plastic substitute cellulose nanofiber plate
The cellulose nanofiber-derived bulk CNFP structural material and its characterization. (a) Photograph of large-sized CNFP with a volume of 320 × 220 × 27 mm3. (b) The robust 3D nanofiber network of CNFP. Numerous CNFs are intertwined with each other and combined together by hydrogen bonds. (c) Parts with different shapes of CNFP produced by a milling machine. (d) Ashby diagram of thermal expansion versus specific strength for CNFP compared with typical polymers, metals, and ceramics. (e) Ashby diagram of thermal expansion versus specific impact toughness for CNFP compared with typical polymers, metals, and ceramics. Copyright 2020, American Association for the Advancement of Science. Credit: Shu-Hong Yu

Nowadays, a team lead by Prof. Shu-Hong Yu from the University of Science and Technology of China (USTC) report a high-performance sustainable structural material called cellulose nanofiber plate (CNFP) (Fig. 1a and c) which is constructed from bio-based CNF (Fig. 1b) and ready to replace the plastic in many fields. This CNFP has high specific strength (~198 MPa/(Mg m-3)), which is 4 times higher than that of steel and higher than that of traditional plastic and aluminum alloy. In addition, CNFP has higher specific impact toughness (~67 kJ m-2/(Mg m-3)) than aluminum alloy and only half of its density (1.35 g cm-3).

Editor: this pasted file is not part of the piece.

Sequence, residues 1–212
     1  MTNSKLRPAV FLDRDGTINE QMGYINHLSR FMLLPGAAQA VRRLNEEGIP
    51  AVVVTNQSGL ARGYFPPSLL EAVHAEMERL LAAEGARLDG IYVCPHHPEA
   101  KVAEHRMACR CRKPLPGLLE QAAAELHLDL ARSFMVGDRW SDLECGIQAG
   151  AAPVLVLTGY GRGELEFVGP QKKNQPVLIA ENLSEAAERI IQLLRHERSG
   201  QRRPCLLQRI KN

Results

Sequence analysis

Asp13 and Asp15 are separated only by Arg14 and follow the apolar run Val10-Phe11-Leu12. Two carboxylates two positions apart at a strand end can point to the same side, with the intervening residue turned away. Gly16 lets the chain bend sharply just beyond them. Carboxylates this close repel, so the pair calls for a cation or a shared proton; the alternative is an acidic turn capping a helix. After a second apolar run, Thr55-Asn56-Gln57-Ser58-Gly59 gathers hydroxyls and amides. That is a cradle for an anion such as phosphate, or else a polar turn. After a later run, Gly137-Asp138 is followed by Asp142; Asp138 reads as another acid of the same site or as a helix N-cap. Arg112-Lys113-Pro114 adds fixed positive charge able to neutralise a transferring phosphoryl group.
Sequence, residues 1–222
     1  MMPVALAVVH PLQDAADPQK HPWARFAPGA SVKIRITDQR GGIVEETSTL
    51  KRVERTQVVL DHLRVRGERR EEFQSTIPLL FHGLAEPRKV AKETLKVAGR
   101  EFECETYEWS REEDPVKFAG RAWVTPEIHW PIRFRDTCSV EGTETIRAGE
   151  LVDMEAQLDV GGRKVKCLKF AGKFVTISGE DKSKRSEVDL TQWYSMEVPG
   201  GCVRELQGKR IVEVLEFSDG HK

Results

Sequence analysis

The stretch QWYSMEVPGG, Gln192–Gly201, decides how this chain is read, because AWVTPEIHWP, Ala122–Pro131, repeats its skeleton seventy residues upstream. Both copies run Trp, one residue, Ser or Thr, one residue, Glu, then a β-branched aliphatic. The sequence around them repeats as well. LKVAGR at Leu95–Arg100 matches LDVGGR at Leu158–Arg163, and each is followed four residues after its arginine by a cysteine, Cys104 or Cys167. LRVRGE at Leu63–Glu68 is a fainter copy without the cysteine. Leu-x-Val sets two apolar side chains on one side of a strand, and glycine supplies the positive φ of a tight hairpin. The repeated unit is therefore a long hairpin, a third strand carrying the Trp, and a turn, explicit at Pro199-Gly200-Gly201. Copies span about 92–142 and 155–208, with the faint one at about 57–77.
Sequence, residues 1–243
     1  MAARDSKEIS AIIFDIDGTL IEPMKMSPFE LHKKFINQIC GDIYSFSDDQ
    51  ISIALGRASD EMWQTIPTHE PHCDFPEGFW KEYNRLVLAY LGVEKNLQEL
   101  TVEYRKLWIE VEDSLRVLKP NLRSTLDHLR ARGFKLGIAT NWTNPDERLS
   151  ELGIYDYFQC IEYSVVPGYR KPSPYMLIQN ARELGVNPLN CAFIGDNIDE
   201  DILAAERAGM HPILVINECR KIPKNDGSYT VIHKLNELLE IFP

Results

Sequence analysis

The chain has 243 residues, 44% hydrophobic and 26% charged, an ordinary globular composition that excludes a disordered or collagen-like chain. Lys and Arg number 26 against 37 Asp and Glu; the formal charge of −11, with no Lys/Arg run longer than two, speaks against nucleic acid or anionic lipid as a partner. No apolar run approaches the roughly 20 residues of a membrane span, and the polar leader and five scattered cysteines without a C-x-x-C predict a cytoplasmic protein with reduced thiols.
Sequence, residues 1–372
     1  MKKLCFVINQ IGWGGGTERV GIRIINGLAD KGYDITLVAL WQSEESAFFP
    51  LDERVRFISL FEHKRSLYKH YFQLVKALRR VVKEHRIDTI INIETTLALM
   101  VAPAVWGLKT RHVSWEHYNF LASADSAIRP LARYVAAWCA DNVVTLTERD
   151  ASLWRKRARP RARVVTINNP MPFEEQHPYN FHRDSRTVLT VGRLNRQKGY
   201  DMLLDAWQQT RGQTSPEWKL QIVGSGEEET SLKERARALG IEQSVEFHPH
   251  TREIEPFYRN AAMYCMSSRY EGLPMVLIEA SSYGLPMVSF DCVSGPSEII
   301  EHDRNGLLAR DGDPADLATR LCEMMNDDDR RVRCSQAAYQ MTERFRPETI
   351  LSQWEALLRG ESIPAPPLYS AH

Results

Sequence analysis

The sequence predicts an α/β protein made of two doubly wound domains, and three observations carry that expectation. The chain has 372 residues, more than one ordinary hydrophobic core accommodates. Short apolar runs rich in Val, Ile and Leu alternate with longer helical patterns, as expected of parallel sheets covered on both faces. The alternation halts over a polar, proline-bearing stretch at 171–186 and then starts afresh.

Unlike plastic or other polymer based material, CNFP exhibit excellent resistance to extreme temperature and thermal shock. The thermal expansion coefficient of CNFP is lower than 5 ppm K-1 from -120 °C to 150 °C, which is close to ceramic materials, much lower than typical polymers and metals. Moreover, after 10 times of rapid thermal shock between 120 °C bake oven and -196 °C liquid nitrogen, CNFP remain its strength. Those result shows its outstanding thermal dimensional stability, which allow CNFP to own great potentials used as structural material under extreme temperature and alternate cooling and heating. Owing to its wide range of raw materials and bio-assisted synthesis process, CNFP is a kind of low-cost material with the cost of only 0.5 $/kg, which is lower than most of plastic. With low density, outstanding strength and toughness, and great thermal dimensional stability, all of those properties of CNFP surpass those of traditional metals, ceramics and polymers (Fig. 1d and e), making it a high-performance and environmental-friendly alternative for engineering requirement, especially for aerospace application.

CNFP not only has the power to replace plastic and saves us from drowning in them, but also has great potential as the next generation of sustainable and lightweight structural material.

 

Press release from the University of Science and Technology of China